Conditions are poor in California’s 33-prison system, the nation’s second-largest after the federal Bureau of Prisons, reports the Washington Post. Despite a vow from Gov. Arnold Schwarzenegger to cut the prison population, it has surged more than 173,000, the worst overcrowding in the country, costing taxpayers more than $8 billion a year. Many inmates return to prison because the state has the nation’s highest recidivism rate. A senior prison official warned of “an imminent and substantial threat to the public” and fears of riots have only increased, prison officials and correctional officers said. The situation has left Schwarzenegger, who faces reelection this year, with one of his biggest political problems.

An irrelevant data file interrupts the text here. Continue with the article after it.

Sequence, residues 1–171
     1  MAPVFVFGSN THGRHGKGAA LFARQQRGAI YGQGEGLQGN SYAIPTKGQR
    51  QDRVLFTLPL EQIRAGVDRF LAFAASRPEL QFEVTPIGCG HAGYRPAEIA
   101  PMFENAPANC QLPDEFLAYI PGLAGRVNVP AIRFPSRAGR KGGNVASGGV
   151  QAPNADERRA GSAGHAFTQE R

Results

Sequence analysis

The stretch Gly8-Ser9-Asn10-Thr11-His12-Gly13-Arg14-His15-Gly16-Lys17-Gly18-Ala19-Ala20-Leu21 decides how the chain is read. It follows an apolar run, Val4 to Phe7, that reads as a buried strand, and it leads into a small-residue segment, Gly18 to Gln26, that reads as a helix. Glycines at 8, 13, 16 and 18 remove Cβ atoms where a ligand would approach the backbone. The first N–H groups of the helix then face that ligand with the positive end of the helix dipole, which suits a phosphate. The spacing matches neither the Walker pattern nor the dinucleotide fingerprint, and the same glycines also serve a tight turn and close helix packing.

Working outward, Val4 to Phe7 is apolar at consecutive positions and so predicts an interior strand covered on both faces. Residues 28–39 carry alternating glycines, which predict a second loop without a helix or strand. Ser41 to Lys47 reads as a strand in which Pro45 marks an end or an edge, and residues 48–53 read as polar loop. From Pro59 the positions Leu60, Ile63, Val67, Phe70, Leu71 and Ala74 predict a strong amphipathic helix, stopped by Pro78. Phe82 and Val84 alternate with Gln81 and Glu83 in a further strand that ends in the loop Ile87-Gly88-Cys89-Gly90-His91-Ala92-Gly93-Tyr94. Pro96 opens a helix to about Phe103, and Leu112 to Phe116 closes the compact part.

Once, California had the nation’s premier system, studied by other states and nations. It had an admired research staff and worked to educate and rehabilitate its inmates. Unlike many other states, however, which in recent years have looked for ways to ease prison population and lower recidivism, California has achieved little reform. “When it comes to prison systems, California is the 800-pound gorilla,” said Alexander Busansky of the U.S. Commission on Safety and Abuse in Prisons. “The problem in California is that hope is lost.” Critics say the decline reflects of the deterioration of a variety of government services, California’s educational system and its highways, that were once the envy of the nation. At work in California’s prisons also is the effect of the nation’s experimentation with tough sentencing, combined with the internal machinations of state politics.